If you notice any new hurricane-related damage, don’t hesitate to reopen a claim. Typically, people have up to a year after the original damage occurs to file additional claims.
WHAT TO CONSIDER BEFORE TAKING ACTION.
Immediately following a loss, you are required under your insurance policy to make any temporary repairs to prevent further damage from occurring.
But do not make any permanent repairs yourself.
Do not make permanent repairs before an inspection by the insurance company adjuster. The insurance company has a right to inspect your damage prior to permanent repairs.
When multiple payouts are received for the same damage that was claimed to FEMA and your insurance company, a “duplication of benefits” has occurred. If you receive money from FEMA before receiving a decision on your insurance claim or before receiving a payout from your insurance company, then you must pay back the money you received from FEMA after receiving money from your insurance claim. For example, if FEMA provided you money to repair damages to your roof and your insurance company later approves your claim and provides you money for the same roof damage, then a duplication of benefits has occurred. You will need to pay back the money that you received from FEMA.
For claims that do not involve flood damage, the insurance company usually pays for a claim only after investigating the damage and approving the claim. But with flood insurance, your insurance company may choose to pay you in advance – before an adjuster visit or additional documentation. These amounts may range from up to $5,000 when there is no documentation of the damage and up to $20,000 when photos, videos, receipts, or estimates are available for the damage.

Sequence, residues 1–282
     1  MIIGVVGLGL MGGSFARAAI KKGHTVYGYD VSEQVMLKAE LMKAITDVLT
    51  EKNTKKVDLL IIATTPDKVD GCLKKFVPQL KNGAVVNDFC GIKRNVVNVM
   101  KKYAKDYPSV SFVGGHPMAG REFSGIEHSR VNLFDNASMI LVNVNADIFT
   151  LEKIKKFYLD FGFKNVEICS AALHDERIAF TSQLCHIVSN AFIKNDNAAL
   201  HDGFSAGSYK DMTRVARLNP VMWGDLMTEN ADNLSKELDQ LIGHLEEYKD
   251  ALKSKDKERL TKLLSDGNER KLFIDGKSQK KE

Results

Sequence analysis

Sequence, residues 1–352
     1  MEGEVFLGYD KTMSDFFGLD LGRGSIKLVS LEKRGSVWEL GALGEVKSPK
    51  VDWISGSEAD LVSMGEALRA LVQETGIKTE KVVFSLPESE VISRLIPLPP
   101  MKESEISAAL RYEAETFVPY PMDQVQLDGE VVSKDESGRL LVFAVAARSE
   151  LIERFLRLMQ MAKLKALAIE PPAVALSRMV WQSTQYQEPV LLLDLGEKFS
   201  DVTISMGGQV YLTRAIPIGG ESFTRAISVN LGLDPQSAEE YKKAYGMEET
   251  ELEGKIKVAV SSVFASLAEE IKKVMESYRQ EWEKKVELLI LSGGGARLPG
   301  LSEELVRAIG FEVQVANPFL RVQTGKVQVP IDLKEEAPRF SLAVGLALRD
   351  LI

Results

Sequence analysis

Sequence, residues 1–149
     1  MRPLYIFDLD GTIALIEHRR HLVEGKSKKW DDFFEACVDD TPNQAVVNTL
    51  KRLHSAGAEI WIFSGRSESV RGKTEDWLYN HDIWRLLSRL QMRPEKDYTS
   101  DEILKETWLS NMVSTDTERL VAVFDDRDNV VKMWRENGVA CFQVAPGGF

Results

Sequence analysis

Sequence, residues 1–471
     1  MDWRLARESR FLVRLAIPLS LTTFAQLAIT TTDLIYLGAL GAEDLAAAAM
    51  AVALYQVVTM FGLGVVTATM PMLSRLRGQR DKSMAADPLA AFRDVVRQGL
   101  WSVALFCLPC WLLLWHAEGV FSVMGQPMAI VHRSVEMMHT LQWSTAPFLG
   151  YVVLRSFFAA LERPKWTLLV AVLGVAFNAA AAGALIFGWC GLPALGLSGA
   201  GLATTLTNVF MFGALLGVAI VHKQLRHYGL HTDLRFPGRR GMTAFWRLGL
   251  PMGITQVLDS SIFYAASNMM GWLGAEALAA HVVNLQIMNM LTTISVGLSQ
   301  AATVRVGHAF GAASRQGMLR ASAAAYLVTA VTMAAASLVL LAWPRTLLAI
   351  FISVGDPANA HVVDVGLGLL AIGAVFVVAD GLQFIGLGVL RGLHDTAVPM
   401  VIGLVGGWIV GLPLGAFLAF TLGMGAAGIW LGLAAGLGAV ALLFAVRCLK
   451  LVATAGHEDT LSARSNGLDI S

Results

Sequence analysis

You must pay your deductible before you receive a payout from your insurance claim. The insurance policy deductible is your share of the total cost of the damage. The cost of the repairs will be applied to your deductible. After you pay your deductible, you will receive money from the payout of the claim. Hurricane deductibles can range from 2% to 10% of the home’s coverage amount. For example, if your home is insured for $100,000 and you have a 2% deductible, then the annual deductible is $2,000. This is the amount you would be expected to contribute toward the value of your damage claim per calendar year.
Don’t wait until the last minute to cover or change your policy. Beware, once a hurricane has already been declared as a watch/warning, your deductible applies, coverage is locked, and new policies are not usually issued. This period usually ends 72 hours after the storm warning is lifted.
If you do not agree with the terms of an AOB contract, you may be able to negotiate different terms with your vendor/contractor. However, you do not need to sign an AOB contract to get your insurance claim processed or your residence repaired. If you are asked to sign an AOB contract, make sure you read it carefully and clearly understand what rights and benefits you may be signing away. Get a review from a lawyer or ask your insurance company for assistance if you do not understand an Assignments of Benefits contract that a contractor is asking you to sign.
Once an AOB contract is signed, you have the right to cancel for the three reasons discussed above. If the third-party vendor will not agree to release you from the contract, your next option is to file a lawsuit against them.